Human rights and competition law

Lunchtalk organised by Concurrences Review in partnership with White & Case.

Guy Canivet

Our debate is about competition law as the basis for economic policy and fundamental guarantees. Its theme focuses, in principle, on human rights as such, leaving aside other fundamental rights such as freedom of enterprise or contractual freedom. With regard to human rights in the strict sense, a distinction must be made between substantive rights (e.g. prohibition of forced labour) and procedural or procedural freedoms. We could have dealt with human rights in their substantial dimension because, in a liberal economy, competition produces negative externalities that lead to violations of social or environmental rights or to discrimination. We felt, however, that the subject would have been too broad in the limited time available for this debate and that it was wiser to confine ourselves to the procedural aspect of human rights in the implementation of competition law. This essentially concerns the principle of legality of offences and penalties, the principle of individualisation of penalties and the presumption of innocence, the right to appeal, as well as the rights related to the administration of proof (loyalty or "questionability" of evidence) or the procedural guarantees that accompany compliance procedures (settlement, non-contestation of grievances).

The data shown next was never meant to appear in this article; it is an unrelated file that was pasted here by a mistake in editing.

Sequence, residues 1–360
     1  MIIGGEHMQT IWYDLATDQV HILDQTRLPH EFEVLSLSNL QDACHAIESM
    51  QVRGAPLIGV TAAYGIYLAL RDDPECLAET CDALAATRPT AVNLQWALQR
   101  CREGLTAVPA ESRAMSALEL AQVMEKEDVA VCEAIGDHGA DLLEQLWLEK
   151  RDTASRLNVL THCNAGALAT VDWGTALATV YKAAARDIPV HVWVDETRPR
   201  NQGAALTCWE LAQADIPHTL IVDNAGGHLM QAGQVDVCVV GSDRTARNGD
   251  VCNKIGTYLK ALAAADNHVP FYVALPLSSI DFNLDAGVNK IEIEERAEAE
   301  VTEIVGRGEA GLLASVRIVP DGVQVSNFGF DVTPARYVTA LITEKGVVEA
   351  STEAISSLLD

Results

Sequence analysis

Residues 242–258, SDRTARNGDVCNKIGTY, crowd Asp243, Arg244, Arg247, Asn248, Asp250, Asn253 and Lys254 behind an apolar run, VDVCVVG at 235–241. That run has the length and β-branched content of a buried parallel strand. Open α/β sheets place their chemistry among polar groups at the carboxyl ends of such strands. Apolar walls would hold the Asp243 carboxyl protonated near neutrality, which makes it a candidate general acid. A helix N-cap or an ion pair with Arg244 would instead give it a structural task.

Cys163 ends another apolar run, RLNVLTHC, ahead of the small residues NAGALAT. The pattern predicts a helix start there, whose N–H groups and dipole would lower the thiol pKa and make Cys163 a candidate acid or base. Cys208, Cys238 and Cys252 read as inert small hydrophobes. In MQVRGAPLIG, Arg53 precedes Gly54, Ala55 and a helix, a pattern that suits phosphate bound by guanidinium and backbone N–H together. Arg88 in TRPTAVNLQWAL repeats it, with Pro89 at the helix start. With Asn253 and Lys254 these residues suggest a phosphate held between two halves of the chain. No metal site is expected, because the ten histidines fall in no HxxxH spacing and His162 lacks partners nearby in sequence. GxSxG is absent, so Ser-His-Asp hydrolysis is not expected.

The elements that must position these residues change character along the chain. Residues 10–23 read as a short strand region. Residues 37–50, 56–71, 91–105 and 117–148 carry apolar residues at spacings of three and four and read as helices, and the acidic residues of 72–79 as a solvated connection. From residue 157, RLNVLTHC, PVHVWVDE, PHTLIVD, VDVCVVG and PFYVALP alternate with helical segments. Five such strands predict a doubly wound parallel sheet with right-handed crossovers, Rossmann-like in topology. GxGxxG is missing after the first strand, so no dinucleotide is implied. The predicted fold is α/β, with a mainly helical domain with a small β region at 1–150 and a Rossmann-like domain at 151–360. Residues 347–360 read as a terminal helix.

Photos © Léo-Paul Ridet

Access to this article is restricted to subscribers

Already Subscribed? Sign-in

Access to this article is restricted to subscribers.

Read one article for free

Sign-up to read this article for free and discover our services.